I spent my Mother’s Day at Hunter Lane Cafe yesterday which was packed out with multiple breakfast, brunch and lunch sittings. The owner Dennis was interviewed last week on ABC radio about the Rosanna Level Crossing so it’s been an action packed week for him. I still feel quite ambivalent about the crossing and the need for it given the great cost and inconvenience but time will tell.
I’ve started hauling out my winter clothes and heavier quilts and blankets with the cold snap we’ve had. I bought some Apiary Made beeswax liners not that long ago and have been using these instead of plastic wrap in the kitchen. My clever cousin Beck from Fabric Drawer has done one of their designs and they’re great for wrapping cheese in particular. I also now carry a glass straw in my handbag and have camp cutlery in my drawer as I’m wanting to reduce my use of single use plastics and was pleased to see that Woolworths are phasing out plastic bags by mid-year.
Ah well the rain has come and as much as I don’t like the dark and gloomy conditions outside – we do need the water. I’ve moved on from salad poke bowls for lunch to casseroles and soups although yet to have my first pie for the cold season. A work friend was telling me to check out a new cafe in Ivanhoe called Pinkie so I’ll be making my way there soon.
It does make it a bit harder to get out but being outdoors in the winter is good for you and I wanted to mention that if the weather improves that both the Heide Makers Market and the Eltham Makers Market are on tomorrow. My ceramic artist friend Lene Kuhl Jakobsen will be selling her beautiful wares (photos above and below) at Heide in Bulleen for this special Mother’s Day event before the market goes into hiatus until Spring.
Stay warm, stay active was my winter mantra a couple of years ago and there is a special Mother’s Day workshop for mothers and daughters (14+) on Sunday morning at Clifton Hill Yoga School, which also runs yoga classes for children and teenagers. As a long-time and long-term yoga practitioner, it’s a great habit to start at a younger age and like mindfulness, something which will help develop peace of mind, calmness and mental strength and resilience – all great life skills.
It’s Happy Friday today and ACMI in the city is holding its Wonderland Late Nights with DJs, bands and live art from 6pm on Fridays if you’re a CBD worker, which sounds like fun.
Mother’s Day is fast approaching and Ivanhoe Shopping Village is holding a special Autumn shopping night this Thursday 10 May from 9am until 7 pm with offers released from 9 May. I was talking about latent demand in the local area last week and it’s exciting to see that former Collins Street retailer Cose Ipanema is coming to 171 Upper Heidelberg Road in Ivanhoe. This store is a Melbourne institution, which I can still remember from the early 1990s, selling the most beautiful international labels of the time including Japanese designer Issey Miyake.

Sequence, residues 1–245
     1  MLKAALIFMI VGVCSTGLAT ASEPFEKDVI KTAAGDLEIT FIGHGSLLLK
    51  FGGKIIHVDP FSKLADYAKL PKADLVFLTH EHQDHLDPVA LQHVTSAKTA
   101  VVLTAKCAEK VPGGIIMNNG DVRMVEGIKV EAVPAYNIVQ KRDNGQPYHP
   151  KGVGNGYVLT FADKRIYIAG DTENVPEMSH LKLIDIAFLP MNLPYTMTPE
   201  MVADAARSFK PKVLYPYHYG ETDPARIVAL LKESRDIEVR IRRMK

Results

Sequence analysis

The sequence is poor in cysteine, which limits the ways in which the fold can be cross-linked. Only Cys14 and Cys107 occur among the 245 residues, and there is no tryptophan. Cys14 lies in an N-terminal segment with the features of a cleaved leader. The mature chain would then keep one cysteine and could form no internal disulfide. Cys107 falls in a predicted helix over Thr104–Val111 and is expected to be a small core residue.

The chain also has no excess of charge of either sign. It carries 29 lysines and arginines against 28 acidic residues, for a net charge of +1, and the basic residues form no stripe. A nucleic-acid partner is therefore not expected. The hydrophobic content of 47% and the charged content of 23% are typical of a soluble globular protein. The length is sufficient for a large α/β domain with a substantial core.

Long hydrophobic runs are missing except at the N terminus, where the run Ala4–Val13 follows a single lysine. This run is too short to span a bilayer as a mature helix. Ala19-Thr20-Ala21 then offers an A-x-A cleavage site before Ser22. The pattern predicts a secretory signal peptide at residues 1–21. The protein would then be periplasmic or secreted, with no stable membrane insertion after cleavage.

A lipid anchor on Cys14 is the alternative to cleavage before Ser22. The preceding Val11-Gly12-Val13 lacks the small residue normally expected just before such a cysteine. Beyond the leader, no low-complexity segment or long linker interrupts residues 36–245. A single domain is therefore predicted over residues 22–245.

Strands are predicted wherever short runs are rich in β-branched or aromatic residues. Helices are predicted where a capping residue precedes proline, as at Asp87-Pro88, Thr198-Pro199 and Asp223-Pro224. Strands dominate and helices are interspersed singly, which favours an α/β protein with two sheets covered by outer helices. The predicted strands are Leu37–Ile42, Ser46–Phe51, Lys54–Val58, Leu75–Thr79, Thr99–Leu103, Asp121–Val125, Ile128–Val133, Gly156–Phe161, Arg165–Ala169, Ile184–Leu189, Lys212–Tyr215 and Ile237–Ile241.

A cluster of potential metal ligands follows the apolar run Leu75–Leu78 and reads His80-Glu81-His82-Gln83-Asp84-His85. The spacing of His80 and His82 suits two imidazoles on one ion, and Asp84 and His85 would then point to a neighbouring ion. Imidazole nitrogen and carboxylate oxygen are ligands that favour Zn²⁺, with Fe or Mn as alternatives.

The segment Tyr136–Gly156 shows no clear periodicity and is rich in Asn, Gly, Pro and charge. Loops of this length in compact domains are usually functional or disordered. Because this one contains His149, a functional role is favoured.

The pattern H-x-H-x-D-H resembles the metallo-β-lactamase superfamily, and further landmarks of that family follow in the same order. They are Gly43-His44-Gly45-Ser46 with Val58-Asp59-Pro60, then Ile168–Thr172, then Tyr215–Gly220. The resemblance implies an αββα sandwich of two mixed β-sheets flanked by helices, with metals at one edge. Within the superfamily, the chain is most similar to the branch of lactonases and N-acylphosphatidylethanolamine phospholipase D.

I hope those of you with deeper pockets than mine will support them and I believe it’s always better to buy fewer pieces but higher quality of anything. Most of my most well worn and loved clothing and accessories I have had for over 10 years, while my leather jacket from Florence I’ve had for almost 20 years and still wear. There is a lot to be said for the value of, and investment in, classic, quality pieces that will stand the test of time rather than cheap, disposable clothing that becomes landfill in places like China.
Speaking of Ivanhoe, I noticed too that peninsula-based ceramic artist Amy Leeworthy used to have a studio here and is currently selling her 70s style ceramics online and also through Pop and Scott, although not much is left!
Besides gifts, I think what most mothers crave, and indeed most people, is time. I was watching with interest a conversation that’s floating around on Facebook between business giants Warren Buffett and Bill Gates where they talk about the value of time and, irrespective of their enormous wealth, that they cannot buy time – it’s the most precious thing in life that no-one owns or can hold onto – we are all passengers on the same train with exactly the same amount of hours in the day – how each of us to choose to spend that time is the big question.